Category Archives: Photo

Whittier-Portage and the Ghost Forest

From Valdez, Alaska, we put our 23-foot Sprinter on the Alaska Ferry, and sailed across the Prince William Sound, saving us hours of driving.

View from the campground in Whittier Alaska.

Whittier, a port of call for some Alaska-bound cruises is accessible only by water and through a single lane tunnel that is shared with the railroad. Seriously, after the train passes, the cars in one direction are sent through, and then the cars in the other direction. It demands a little patience.

The city has some campground spots right on the Sound which offer a beautiful vista. We spent a couple delightful nights there, sunset was still almost 11:00pm.

The mandatory hike in this area is to the top of the Portage Pass that was once used by the Chugach Nation as a trade route. It’s not a terribly long hike to the top, but the 800-foot climb is rather steep. Fortunately, about half way someone had carved into a rock “Keep on going – you got this!”

The Portage Glacier.

The backward view of Whittier and the Prince William Sound is dynamic. We could also see the train waiting for it’s turn to enter the one lane tunnel. At the top of the pass, we were treated to vistas of the Portage Glacier, it’s lake and two other glaciers.

The next day we waited our turn to drive through the Whittier-Portage tunnel. On the other side, we stopped at the Alaska Wildlife Conservation Center and learned how they successfully re-introduced the nearly-extinct wood bison to Alaska plains.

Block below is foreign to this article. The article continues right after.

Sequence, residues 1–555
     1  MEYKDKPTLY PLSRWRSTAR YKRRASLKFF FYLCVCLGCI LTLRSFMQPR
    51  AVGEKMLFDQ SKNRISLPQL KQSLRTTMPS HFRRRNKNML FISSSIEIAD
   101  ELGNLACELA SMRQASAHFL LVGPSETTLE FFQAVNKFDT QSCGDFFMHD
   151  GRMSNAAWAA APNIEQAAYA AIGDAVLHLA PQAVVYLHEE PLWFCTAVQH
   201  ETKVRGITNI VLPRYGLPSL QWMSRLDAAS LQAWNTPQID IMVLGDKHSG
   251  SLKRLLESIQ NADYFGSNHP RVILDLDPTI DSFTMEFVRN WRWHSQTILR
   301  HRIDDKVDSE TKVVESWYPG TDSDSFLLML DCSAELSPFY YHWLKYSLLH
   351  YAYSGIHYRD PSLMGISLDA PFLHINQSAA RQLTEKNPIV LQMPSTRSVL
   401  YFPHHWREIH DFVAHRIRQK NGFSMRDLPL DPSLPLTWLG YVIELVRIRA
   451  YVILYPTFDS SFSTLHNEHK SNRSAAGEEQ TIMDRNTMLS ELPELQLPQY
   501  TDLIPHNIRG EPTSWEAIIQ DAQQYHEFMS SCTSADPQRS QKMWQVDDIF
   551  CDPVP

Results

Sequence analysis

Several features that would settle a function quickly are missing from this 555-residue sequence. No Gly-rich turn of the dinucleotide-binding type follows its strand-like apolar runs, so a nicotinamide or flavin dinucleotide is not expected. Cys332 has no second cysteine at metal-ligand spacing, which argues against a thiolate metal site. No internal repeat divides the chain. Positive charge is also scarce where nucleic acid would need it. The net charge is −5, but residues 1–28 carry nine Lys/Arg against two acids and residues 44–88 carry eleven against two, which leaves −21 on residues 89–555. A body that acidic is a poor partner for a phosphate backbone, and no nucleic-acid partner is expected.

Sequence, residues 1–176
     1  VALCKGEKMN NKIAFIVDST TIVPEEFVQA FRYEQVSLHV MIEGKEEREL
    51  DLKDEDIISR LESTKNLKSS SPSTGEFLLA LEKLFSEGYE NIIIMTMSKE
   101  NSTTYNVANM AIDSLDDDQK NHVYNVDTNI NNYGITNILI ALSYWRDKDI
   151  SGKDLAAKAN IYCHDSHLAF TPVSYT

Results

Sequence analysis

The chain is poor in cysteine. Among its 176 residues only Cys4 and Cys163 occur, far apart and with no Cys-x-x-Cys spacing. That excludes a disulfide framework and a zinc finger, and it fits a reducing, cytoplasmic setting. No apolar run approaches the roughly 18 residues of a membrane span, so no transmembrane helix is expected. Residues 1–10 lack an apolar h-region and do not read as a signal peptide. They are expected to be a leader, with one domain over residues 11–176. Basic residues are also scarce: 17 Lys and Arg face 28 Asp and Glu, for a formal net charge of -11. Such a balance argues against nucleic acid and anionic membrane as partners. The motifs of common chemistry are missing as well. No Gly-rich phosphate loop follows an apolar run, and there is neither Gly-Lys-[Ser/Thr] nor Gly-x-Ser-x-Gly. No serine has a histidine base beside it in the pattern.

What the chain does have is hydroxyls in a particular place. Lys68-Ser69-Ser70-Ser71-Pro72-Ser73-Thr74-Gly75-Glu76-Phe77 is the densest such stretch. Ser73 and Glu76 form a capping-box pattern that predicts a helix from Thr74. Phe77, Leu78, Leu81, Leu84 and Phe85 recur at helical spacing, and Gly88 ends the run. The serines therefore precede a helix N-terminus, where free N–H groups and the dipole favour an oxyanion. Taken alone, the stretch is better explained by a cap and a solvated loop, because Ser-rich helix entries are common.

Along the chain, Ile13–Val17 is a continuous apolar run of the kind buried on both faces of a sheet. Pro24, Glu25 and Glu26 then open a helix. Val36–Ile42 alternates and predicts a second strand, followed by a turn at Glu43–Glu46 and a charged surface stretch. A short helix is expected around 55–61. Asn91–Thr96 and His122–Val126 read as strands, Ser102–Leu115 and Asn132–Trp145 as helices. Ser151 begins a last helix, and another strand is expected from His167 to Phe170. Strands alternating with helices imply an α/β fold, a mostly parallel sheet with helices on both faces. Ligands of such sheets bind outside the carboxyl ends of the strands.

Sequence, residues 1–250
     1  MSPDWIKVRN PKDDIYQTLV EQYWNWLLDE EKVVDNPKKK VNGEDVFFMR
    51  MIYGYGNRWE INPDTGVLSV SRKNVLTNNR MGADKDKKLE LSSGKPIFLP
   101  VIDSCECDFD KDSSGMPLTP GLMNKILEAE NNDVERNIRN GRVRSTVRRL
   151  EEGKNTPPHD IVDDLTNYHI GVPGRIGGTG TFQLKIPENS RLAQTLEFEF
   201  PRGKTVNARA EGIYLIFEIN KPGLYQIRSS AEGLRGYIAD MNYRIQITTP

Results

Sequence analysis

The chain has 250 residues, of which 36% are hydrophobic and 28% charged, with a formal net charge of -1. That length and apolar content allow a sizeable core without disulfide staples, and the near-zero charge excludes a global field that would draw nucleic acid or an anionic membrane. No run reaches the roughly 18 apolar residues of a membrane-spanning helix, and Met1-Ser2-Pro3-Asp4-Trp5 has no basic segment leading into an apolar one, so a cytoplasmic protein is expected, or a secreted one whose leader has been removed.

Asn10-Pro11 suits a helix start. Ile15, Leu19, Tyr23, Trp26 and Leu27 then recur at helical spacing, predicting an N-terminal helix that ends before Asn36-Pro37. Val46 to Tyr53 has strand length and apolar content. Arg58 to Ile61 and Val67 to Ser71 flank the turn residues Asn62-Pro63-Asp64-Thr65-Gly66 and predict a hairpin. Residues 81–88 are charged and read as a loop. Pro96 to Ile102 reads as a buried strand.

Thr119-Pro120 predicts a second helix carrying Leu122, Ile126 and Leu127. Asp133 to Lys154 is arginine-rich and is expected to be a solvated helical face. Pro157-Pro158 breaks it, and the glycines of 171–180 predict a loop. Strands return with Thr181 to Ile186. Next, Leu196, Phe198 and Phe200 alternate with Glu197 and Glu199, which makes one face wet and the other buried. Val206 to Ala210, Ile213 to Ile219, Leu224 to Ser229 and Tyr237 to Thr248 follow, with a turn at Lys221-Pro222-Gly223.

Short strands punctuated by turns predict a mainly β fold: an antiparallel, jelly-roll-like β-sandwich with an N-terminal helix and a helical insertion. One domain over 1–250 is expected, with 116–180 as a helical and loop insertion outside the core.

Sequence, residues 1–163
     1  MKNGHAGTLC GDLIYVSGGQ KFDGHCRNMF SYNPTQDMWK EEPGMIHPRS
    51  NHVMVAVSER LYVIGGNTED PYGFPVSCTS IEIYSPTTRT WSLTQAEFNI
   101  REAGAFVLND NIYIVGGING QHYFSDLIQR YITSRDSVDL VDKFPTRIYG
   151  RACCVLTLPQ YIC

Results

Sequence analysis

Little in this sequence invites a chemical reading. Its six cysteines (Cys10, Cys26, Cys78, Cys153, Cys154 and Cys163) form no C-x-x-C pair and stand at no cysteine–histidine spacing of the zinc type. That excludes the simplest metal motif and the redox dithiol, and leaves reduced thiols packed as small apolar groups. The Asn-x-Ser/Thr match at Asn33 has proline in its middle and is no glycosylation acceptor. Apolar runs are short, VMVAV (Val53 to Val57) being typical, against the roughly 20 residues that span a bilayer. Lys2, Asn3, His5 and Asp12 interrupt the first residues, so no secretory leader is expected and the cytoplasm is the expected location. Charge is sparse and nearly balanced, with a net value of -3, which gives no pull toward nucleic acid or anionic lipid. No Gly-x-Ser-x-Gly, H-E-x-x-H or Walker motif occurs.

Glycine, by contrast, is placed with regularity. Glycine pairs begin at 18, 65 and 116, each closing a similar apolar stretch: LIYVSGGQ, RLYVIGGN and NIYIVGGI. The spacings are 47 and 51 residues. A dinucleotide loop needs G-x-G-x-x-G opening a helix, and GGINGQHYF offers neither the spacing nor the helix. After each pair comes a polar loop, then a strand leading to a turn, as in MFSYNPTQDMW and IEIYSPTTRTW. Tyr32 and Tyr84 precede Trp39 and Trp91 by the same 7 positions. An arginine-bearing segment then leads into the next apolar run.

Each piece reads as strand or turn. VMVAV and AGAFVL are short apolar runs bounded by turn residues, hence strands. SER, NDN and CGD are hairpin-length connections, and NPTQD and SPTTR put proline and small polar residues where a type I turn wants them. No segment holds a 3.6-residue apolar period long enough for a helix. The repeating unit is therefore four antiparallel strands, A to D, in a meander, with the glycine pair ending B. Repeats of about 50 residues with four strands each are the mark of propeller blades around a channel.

Ghost Forest on the Turnagain Bay.

One very curious Alaska sight is a ghost forest. The Good Friday Earthquake of 1964, the largest that ever occurred in the United States, changed the elevation of the bays and caused a tsunami. The salt water intrusion killed the trees along the shore. It also preserved them by pickling them with salt. As a consequence, the dead trees don’t rot, and this ghost forest has looked the same for more than 50 years.

Click below for photo gallery!

Alaska’s Kennecott Mine

The Kennecott Mine was once the richest copper mine in the world. It was depleted of profitable ore and finally abandoned in 1938. The Wrangell-St. Elias National Park and Preserve, created in 1980, includes the remains of the mining operation, and a 14-storey mill building. The national park has hiking trails to one of the old mines on top of the mountain, and to Root Glacier. (Click any thumbnail for larger, lightbox view.)

A Ghost Town in South Dakota

Okaton, South Dakota was once a thriving community of rail workers and pioneer homesteaders. When the rail moved westward, so did the workers. The Great Depression made most of the remaining farmers move to the city looking for any kind of work.

Between the railroads closing that particular spur and the interstate highway I-90, the few remaining residents left only a shadow of a town and overgrown rail tracks.

(Click image for larger picture)